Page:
Ancestors: The Humankind Odyssey hands-on preview: Do the evolution

Shacknews gets our first hands-on with Ancestors: The Humankind Odyssey and discovers the origin of species.

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The story of humanity is much like one of the old Jurassic Park taglines: Life finds a way. Through overcoming nature's greatest adversities, man has persevered and prospered throughout the ages. It wasn't always this way. Millions of years ago, man's ape ancestors had to survive through learning, adapting, and avoiding some of the African continents greatest dangers.

Survival is the name of the game in Ancestors: The Humankind Odyssey, the first outing from Assassin's Creed creator Patrice Desilets' new Panache Digital Games. Four years in the making, there is no strict narrative or overarching story. Rather, the story is in the development of the human species, from 10 million years ago up to 2 million years ago. Shacknews stepped into the dawn of humanity and went hands-on with this deep dive into the origin of species.

Ancestors: The Humankind Odyssey

Ancestors sets its tone early, introducing players to the African supercontinent. It's filled with dangerous creatures, like prehistoric gaters, deadly snakes, and fearsome saber-toothed cats. The birds are no picnic, either, as evidenced by the game's opening cutscenes. Players are witness to a vicious bird picking up a hominid and his baby and stabbing the father through the chest with its sharp beak.

Players soon take control of another adult hominid, where the opening message, "Good luck, we won't help you much," quickly proves true. While players can set up tutorial messages to pop up throughout their playthrough, little direction is provided in terms of which way to go. Hominids must rely on their instincts, leading into Ancestors' two main mechanics: Senses and Intelligence.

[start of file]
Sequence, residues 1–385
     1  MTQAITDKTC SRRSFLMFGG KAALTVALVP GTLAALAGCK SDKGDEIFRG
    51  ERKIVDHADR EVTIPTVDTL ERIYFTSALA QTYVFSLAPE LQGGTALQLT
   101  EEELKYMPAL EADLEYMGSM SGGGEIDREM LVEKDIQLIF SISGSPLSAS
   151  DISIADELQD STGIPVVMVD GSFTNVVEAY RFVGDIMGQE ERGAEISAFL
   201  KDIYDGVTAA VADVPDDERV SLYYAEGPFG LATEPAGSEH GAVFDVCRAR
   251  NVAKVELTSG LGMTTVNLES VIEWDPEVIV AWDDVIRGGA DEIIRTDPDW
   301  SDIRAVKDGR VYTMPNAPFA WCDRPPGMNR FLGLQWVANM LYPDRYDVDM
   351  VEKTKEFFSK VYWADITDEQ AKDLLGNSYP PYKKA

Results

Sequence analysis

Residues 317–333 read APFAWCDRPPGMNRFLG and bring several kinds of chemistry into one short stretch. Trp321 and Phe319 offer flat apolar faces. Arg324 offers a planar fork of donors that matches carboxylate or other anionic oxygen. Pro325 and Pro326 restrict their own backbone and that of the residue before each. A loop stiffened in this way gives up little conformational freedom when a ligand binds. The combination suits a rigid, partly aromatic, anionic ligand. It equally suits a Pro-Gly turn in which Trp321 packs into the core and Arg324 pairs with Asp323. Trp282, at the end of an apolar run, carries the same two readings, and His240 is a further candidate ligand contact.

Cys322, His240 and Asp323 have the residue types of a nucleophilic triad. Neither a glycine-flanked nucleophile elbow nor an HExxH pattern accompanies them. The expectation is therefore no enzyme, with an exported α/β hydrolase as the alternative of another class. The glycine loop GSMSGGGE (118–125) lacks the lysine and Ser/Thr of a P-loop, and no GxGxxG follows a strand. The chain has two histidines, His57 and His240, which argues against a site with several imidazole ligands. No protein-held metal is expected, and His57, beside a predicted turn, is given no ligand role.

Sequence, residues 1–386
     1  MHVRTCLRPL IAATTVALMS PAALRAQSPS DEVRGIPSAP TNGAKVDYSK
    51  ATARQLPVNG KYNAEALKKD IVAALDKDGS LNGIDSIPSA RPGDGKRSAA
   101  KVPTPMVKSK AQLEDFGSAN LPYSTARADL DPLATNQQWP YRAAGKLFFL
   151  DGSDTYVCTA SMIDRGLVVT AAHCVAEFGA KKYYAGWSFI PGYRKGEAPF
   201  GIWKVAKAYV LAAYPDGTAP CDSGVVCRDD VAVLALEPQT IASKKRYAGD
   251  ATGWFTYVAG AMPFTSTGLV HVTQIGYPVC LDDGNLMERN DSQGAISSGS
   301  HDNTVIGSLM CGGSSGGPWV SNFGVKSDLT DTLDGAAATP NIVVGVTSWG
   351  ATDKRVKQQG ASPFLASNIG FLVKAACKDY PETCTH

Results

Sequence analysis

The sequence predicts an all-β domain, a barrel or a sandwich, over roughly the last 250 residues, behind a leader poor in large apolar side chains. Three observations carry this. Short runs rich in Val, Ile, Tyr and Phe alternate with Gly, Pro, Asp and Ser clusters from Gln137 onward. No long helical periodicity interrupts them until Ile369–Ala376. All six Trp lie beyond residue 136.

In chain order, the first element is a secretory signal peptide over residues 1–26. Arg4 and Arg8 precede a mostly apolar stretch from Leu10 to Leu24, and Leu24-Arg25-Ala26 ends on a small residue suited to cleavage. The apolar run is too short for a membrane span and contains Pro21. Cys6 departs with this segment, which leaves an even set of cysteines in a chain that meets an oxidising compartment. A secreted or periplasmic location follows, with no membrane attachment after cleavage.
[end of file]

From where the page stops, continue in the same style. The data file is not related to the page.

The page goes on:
Senses allow players to listen for items of interest. For the game's opening minutes, players listen for the abandoned hominid baby. Over the course of our playthrough, we used senses to pick up on the sounds of hostile animals, like warthogs and snakes. The opening minutes are truly a trial by fire, as I quickly learned to uses Senses to my advantage. Moments are taking control of an adult hominid, I walked right into a mamba, which left me debilitated for a solid day.

Ancestors: The Humankind Odyssey

Intelligence is where players can pinpoint various items of interest throughout their field of vision. Many of the items they pick out are ones they've already discovered, ranging from plants, to food, to wild animals. Players cannot identify items they haven't encountered. In order to do that, homonids identify items the old-fashioned way. They pick them up and sniff them. This leads to the discovery of food, tools, and supplies. Intelligence becomes a key component in getting around the wide open continent, as players can permanently mark select items as a waypoint using the Memory mechanic.

With Ancestors' primary goal being to survive, evolve, and thrive, the true game opens up after encountering your clan of hominids. At this point, players can switch back and forth between different clan members, with skills varying across each hominid. Players can explore with a male in his prime, a more experienced elder, a mother carrying children, and more. Selecting which homonid to use depends on how the player wants to progress. For example, carrying children might be a risk to your clan, since encountering danger means potentially risking the future generation. However, homonid senses will develop faster when carrying children, so there's that benefit to consider.